Lloyd Saltman, middle brother of one of Scotland’s greatest golfing dynasties, reflects back on the transition from an exceptional amateur to this first year as a professional golfer

Being a professional golfer is what I have always wanted to do since I was a young boy and now I am actually doing it!

I’ve really enjoyed it and I think that’s the key, I’ve learnt so much this year but the enjoyment thing is definitely key to progressing and being in the big tournaments and even winning.

It’s been a real eye-opener turning pro, every week throws up something different whether it’s dealing with the hotels or the airport or perhaps even on the course itself, which is nice! You spend a lot of time on your own as well as a pro, which is very different from being an amateur so I have had to learn to cope with that.

On the playing side of things I have picked up most by watching the old pros, the guys who have been doing this for 20-30 years. They know how to get the job done, even when they are not playing well they manage to stay in the tournament through their short game. Whereas several times this year I have played well, shot around level-par for two rounds and still not made the weekend, which is hard.

I have had some good weeks and some not so good weeks but I am really trying to learn from both, since it’s all anew environment for me. On the good weeks I have tried to learn from my game and in the bad I am trying to take something away from the emotions. It’s all about getting myself ready and able to compete in the coming years.

So for instance one of my biggest strengths is driving, I hit it fairly long and straight which gives me an obvious advantage but I’ve got learn to capitalize better from those positions. This will then take the pressure off other areas of my game and allow me to move forward.

I’ve just spent the week at the Dunhill Links, which is a fantastic event. It’s got a great fun vibe and it’s nice for us pros to have something different. You know most weeks are played in a very serious atmosphere, which is great, but when you have an amateur on your team it does change the mood. There are also loads of parties going on but I try and stay away from those!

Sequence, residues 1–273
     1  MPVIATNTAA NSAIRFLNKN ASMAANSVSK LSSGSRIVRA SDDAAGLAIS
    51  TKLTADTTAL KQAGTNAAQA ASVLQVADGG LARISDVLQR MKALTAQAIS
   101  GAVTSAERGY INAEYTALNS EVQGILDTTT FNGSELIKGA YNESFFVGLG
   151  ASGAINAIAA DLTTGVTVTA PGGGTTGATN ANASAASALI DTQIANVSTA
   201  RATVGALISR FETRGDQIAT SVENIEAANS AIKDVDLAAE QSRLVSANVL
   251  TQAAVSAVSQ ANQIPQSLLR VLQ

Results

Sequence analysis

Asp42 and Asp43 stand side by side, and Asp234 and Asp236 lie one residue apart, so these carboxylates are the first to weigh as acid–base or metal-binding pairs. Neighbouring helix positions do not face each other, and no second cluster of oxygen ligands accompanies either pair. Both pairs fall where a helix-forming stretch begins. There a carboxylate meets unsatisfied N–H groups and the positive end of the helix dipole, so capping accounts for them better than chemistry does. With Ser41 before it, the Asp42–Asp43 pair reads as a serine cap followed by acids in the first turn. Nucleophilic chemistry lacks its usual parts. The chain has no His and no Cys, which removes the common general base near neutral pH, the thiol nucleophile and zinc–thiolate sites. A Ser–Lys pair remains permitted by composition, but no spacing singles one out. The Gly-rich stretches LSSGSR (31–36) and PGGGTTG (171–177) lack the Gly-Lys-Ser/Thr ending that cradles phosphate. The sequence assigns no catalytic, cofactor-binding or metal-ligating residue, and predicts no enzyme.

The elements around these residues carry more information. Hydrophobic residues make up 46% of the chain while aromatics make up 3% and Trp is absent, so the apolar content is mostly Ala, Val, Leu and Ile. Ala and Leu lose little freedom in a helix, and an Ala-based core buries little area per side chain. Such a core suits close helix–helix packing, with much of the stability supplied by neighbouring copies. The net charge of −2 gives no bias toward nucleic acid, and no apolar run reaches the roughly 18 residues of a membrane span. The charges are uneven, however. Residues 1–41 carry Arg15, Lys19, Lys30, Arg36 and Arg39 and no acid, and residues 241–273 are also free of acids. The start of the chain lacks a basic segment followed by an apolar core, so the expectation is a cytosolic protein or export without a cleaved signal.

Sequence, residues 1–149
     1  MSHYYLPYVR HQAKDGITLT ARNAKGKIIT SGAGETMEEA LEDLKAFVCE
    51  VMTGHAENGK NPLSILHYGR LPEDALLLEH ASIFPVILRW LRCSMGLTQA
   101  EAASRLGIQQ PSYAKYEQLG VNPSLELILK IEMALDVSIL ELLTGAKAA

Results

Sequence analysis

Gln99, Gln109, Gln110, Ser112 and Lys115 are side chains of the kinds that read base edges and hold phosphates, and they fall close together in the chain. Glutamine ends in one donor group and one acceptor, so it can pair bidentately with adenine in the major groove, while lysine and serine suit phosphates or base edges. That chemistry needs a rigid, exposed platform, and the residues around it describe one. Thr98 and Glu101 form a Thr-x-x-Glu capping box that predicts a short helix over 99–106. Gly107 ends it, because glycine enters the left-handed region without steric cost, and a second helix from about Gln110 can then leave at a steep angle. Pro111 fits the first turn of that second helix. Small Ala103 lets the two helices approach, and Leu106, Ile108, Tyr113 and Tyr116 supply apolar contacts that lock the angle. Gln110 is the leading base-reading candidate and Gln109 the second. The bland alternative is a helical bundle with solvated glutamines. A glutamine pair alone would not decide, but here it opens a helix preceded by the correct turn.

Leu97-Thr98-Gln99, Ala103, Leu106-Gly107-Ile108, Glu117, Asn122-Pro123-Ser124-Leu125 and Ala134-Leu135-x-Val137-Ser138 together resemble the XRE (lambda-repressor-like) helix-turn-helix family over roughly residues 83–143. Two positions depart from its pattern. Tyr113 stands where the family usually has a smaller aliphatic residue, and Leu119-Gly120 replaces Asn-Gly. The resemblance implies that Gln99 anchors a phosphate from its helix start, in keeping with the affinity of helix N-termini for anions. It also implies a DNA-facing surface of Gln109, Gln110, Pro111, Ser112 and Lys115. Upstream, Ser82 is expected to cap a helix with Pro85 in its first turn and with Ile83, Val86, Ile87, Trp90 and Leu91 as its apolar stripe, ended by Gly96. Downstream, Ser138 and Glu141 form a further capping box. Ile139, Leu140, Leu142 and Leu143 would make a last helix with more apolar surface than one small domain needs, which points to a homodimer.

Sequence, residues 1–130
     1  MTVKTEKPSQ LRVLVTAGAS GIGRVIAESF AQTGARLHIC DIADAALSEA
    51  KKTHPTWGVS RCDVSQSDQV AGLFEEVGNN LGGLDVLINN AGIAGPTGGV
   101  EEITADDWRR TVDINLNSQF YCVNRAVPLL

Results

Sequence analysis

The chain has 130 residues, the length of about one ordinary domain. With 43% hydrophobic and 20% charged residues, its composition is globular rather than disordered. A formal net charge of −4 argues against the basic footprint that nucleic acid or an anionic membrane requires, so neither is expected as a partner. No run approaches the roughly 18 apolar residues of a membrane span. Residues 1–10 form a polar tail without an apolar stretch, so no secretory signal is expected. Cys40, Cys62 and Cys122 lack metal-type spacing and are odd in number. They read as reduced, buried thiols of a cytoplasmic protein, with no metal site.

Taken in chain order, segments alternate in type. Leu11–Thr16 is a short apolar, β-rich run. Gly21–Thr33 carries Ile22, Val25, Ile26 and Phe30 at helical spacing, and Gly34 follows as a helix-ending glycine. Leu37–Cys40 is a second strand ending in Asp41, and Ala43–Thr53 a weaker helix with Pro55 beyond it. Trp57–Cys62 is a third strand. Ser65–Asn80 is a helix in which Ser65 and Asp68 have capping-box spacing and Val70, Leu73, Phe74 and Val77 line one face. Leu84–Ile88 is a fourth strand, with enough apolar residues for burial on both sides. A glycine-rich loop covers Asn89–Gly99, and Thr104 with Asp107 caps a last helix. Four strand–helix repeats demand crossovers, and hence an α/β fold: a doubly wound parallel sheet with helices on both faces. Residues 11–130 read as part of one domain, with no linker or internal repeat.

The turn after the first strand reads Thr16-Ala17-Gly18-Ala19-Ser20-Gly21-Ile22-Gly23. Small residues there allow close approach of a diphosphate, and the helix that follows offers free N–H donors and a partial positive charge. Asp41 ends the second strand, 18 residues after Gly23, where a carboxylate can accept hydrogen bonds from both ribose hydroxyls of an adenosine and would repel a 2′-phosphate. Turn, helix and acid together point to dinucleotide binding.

I played well actually, especially so on the first day in really tough conditions at Carnoustie. But in the end three bad holes on the third day cost me, which I suppose is something else I have to learn from!

Then the last few days I have spent at the Carrick in Scotland having a great time at the Magners Scottish Final, which is a great club competition to be a part of. I have a good connection with Magners, they are a young brand going somewhere and hopefully I am the same! I went up there and talked to the finalists and helped them out on the range and then played 9-holes with a few of them. It was a cool day and I’m delighted to be involved. They have got a competition in Wales as well and it’s really important to me to help out club golf.

Now the focus turns to Q-School and trying to secure my card for next season on the European Tour. It’s something I am getting myself in good shape for and hopefully it’ll go well. My brother Elliott came through first stage at the Oxfordshire so we will be out in Spain together, which is great. Our youngest brother will also come and caddie for one of us – he is playing full-time as an amateur at the moment. The three of us on Tour now that would be good…